According to Mises, money’s function as a medium of exchange is thus the central one, while its store of value and unit of account functions are merely subordinate functions. I would say store of value and unit of account is what makes the medium of exchange marketable. The medium of exchange has to be simple to understand, not only by educated people but also the most uneducated. It has to be easily accessed, not only in ideal circumstances but also in difficult ones. Many things have been tried and have worked in specific regions, for short periods of time, and only in ideal circumstances. Jim Grant says, “Gold is instantly and optically recognizable as money. You don’t have to explain it.” It is the simple nature, divisibility and durability of gold that has made it become universal money. Gold became money because of its physical characteristics (scarcity but still in sufficient quantity, malleability, inertness, durability and uniformity). Many crypto-currency supporters point to the scarcity of gold and also, based on some mathematics, to the scarcity of crypto-currencies, but gold is not scarce. If it were it wouldn’t have become money. Besides, there are many other metals much more scarce than gold.
Someone recently told me that “gold isn't adaptable” and that “gold also can't be upgraded” like Bitcoin. If Bitcoin is adaptable then how would you "adapt" Bitcoin to a no-electricity environment? “Well without electricity all the gold on Earth won't save you mate,” I was told. What arrogance and dismissal of nature and the real world! I love electricity and it has been, along with light, the passion of my life since childhood, and I studied it at university while doing a physics degree, but to say that without electricity there is no world is just incredible. At least half of the world population still has no electricity or only has it sporadically. We live in Europe and North America, especially in major cities, in an ideal environment where power failures are rare, because we have been privileged in the last 70 years. Others who went through hyperinflations, wars, revolutions, civil wars or natural disasters understand much better that we live in a real world first, not in a virtual one.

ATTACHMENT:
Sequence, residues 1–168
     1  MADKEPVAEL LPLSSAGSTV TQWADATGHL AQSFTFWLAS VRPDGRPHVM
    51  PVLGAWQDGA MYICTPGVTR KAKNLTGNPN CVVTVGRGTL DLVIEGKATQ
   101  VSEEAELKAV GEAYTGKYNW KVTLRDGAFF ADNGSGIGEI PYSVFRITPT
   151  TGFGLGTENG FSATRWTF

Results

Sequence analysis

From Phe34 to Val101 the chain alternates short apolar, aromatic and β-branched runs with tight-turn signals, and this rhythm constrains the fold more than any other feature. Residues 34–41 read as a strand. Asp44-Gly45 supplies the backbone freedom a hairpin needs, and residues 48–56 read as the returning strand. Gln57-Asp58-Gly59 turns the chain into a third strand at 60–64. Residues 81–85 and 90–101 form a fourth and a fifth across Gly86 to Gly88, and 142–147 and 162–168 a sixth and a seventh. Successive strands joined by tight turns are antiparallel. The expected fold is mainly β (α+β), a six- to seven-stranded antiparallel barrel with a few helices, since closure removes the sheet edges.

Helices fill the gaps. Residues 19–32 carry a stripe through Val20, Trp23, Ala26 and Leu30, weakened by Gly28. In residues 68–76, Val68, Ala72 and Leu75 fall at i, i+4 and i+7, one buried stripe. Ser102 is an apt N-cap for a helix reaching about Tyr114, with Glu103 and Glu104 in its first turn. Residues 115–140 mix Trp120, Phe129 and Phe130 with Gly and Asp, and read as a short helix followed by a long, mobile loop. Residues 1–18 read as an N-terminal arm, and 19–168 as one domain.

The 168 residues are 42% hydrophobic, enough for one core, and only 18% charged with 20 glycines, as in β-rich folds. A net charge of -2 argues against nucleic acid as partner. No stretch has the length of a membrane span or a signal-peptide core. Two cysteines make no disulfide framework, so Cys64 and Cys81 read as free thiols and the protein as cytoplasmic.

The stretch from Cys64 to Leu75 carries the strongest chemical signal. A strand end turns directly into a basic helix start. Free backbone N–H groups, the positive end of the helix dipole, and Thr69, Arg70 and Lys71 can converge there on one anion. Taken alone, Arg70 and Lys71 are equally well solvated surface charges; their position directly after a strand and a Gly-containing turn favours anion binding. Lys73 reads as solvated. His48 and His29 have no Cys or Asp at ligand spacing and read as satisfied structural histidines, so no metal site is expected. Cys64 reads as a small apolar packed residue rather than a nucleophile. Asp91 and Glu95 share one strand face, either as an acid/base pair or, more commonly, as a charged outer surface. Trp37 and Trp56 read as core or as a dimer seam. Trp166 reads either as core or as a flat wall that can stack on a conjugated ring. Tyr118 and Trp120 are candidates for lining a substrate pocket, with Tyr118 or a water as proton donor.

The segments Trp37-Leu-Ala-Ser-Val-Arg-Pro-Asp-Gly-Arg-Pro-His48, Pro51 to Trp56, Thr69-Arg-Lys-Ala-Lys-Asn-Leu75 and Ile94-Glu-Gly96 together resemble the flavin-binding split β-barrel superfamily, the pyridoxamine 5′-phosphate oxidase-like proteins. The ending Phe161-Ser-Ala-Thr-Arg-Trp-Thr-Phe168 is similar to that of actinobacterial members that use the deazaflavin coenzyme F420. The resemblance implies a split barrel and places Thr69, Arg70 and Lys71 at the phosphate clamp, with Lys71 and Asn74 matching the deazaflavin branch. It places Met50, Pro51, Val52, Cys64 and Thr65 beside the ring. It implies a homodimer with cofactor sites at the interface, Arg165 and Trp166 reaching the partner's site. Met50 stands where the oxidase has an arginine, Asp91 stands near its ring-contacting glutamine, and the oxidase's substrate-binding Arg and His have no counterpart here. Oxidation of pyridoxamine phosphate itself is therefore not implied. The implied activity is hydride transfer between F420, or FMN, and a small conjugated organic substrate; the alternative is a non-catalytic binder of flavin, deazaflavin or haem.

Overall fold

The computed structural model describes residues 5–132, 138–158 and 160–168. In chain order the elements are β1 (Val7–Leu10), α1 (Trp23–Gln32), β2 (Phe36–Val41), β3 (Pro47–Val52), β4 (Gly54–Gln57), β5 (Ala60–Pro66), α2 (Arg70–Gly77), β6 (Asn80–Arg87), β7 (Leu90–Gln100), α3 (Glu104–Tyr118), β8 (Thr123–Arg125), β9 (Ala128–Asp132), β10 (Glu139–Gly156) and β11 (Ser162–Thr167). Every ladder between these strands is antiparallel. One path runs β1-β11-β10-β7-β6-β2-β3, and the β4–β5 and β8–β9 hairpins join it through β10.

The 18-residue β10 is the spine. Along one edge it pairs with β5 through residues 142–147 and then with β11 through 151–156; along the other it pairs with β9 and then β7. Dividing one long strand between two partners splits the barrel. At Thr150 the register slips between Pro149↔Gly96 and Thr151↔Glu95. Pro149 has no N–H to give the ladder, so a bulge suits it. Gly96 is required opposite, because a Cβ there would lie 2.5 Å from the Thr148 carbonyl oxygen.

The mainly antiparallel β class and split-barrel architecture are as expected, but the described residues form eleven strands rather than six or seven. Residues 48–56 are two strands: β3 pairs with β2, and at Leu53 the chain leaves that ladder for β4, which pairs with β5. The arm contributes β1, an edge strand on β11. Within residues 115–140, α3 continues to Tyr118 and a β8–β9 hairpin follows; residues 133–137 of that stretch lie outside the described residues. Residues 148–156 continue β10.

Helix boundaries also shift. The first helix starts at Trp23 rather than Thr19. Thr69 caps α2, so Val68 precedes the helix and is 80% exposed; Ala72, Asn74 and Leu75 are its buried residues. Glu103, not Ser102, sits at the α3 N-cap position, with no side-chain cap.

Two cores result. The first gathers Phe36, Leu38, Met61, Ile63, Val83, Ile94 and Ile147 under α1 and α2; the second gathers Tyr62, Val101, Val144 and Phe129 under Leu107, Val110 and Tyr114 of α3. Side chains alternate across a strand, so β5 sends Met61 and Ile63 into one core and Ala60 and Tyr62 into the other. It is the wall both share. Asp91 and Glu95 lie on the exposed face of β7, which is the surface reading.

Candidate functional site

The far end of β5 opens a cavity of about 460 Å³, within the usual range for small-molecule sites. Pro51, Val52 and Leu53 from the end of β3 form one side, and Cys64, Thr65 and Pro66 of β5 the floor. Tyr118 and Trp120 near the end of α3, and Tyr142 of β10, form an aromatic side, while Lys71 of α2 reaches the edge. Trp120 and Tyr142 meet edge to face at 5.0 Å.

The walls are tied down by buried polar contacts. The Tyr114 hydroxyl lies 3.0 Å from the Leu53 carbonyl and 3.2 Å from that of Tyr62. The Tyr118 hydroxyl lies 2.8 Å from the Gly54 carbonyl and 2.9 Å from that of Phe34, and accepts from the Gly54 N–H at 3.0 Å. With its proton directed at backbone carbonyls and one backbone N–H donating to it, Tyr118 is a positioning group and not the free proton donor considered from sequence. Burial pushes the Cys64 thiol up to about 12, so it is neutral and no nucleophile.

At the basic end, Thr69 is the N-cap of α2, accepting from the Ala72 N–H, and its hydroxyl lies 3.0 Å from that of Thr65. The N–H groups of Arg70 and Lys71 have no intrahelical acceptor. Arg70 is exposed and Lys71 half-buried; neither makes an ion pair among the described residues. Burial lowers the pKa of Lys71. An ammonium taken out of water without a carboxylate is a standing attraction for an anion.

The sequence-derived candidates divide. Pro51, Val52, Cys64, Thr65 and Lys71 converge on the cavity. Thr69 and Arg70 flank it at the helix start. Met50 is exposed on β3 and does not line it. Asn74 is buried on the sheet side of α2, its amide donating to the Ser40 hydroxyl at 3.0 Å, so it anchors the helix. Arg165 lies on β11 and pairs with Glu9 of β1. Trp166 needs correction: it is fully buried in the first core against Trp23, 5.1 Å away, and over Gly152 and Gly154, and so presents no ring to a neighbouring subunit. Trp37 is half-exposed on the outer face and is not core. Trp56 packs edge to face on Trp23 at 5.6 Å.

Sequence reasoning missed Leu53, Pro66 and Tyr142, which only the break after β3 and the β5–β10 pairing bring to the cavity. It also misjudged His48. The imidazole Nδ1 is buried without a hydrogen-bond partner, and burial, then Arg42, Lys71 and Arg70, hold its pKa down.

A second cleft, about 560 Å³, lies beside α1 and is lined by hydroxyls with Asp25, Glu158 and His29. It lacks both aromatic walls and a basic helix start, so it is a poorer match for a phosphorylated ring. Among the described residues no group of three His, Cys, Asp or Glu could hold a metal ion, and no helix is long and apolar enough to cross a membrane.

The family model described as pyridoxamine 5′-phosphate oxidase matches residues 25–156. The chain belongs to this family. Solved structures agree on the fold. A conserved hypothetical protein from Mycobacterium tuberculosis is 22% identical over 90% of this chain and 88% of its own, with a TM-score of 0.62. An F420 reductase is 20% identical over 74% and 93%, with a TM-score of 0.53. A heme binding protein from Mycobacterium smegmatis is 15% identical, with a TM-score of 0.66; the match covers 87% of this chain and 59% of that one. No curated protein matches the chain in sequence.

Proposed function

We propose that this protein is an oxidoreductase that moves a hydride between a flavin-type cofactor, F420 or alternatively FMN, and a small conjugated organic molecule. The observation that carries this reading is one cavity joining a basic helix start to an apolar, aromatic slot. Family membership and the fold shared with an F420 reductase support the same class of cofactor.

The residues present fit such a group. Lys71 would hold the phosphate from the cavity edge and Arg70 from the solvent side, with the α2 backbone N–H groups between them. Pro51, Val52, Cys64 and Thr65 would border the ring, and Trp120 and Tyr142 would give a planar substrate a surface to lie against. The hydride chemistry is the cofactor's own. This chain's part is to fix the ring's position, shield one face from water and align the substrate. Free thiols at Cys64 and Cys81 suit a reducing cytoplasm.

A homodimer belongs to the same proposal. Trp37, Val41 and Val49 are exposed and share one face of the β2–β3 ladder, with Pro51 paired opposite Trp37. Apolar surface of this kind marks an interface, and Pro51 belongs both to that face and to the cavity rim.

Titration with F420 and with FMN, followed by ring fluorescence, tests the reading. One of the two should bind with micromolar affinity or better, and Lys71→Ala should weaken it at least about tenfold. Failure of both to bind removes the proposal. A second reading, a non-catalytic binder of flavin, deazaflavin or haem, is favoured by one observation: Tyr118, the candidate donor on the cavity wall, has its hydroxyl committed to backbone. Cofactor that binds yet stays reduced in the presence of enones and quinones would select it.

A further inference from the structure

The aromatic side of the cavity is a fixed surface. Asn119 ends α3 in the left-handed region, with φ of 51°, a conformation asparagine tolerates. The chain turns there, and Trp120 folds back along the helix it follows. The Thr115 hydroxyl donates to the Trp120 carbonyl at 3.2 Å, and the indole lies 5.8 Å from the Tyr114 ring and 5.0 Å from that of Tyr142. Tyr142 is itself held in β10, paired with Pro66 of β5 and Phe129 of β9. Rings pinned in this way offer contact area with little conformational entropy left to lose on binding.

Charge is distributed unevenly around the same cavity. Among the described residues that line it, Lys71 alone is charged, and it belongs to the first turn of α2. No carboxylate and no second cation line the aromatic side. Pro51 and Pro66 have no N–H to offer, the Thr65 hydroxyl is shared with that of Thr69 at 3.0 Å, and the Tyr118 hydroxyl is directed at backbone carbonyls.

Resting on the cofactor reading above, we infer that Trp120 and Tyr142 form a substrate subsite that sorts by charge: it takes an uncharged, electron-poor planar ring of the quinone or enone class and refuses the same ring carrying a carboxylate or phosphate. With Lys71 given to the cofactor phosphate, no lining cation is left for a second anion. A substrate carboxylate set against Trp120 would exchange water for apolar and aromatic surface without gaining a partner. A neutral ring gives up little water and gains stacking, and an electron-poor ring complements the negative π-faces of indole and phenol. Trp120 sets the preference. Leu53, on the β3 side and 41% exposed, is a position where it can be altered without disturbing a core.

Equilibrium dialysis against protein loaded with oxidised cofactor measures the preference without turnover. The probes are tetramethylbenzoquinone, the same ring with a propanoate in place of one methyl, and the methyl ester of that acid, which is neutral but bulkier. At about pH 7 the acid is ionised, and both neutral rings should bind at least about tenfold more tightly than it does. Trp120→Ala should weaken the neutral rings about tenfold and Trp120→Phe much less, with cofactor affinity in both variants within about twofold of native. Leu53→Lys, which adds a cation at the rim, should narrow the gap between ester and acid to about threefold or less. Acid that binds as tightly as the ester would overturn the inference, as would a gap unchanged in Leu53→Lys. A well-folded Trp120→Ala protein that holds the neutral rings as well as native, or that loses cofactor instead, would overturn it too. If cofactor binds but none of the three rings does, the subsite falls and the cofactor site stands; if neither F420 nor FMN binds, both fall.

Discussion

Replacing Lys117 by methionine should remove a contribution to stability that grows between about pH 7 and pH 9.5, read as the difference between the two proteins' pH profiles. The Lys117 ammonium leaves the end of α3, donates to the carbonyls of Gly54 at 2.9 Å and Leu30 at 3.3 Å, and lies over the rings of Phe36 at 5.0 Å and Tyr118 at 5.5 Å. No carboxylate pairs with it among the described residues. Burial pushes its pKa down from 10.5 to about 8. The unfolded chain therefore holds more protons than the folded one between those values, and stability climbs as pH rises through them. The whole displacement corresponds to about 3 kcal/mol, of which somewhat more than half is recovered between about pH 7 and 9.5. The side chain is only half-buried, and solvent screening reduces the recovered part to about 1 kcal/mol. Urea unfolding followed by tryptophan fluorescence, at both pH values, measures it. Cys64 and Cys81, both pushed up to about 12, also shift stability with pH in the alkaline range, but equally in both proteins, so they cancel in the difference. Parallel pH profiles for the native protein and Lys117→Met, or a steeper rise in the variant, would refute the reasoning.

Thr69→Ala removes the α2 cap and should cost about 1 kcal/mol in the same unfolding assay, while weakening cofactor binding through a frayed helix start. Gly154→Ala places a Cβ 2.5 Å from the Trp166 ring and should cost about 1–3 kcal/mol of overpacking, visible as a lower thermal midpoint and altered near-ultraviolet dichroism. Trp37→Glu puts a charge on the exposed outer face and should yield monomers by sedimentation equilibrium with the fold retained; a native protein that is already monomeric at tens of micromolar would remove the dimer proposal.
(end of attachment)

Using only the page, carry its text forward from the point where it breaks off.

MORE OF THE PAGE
I had the misfortune, which was also a rude awakening for me, to go through a major power failure in Québec, Canada, in 1989. A severe geomagnetic storm struck Earth on March 13, 1989. It occurred during solar cycle 22 and caused a nine-hour outage of Hydro-Québec's electricity transmission system. However, many regions of Québec had no power for several days – even weeks, in the suburbs – including Montréal, one of the largest cities in North America. I was living downtown and in the most strategic part of the city where all the major banks and private and government institutions are located, and no bank opened for a week for lack of electricity. The point is that electronic- based crypto-currencies are dependent not just on electricity but a constant and continuous one. And I am not mentioning here the capacity of governments to disrupt the virtual network. They don’t need to ly control it but just disrupt it in a significant way. Crypto-currencies are fiat currencies and, therefore, have the same major flaws as paper currencies.
Gold through thousands of years of testing has become the standard. It is the standard against which every currency is tested and compared; even crypto-currencies can’t stop being compared to gold. Big efforts have been made to push gold out as a “tradition” and “relic of the past”, but they failed. When trust disappears gold always comes back in the limelight. This is the case in financial crises, revolutions, civil wars, wars and natural disasters. In these circumstances trust disappears at the speed of light. We have seen it during the recent financial crisis in 2008. All of a sudden gold has reentered the financial system after being considered dead. Some sage investment analyst who lived long enough to see a major war and a depression cautioned us at the top of the 2000 euphoria. Close to the end of his life, in the last chapter of a negative book on gold as money, The Power of Gold, Peter Bernstein writes, “Gold may again serve as the ultimate hedge in chaotic conditions.Its return to its traditional role as universal money is unlikely, however, unless the time should come when the dollar, the euro, and the yen have all failed to function as acceptable means of payment across international borders.” What foresight he had. He passed away in 2009 just when a major financial crisis started, and gold returned into the financial system as he predicted.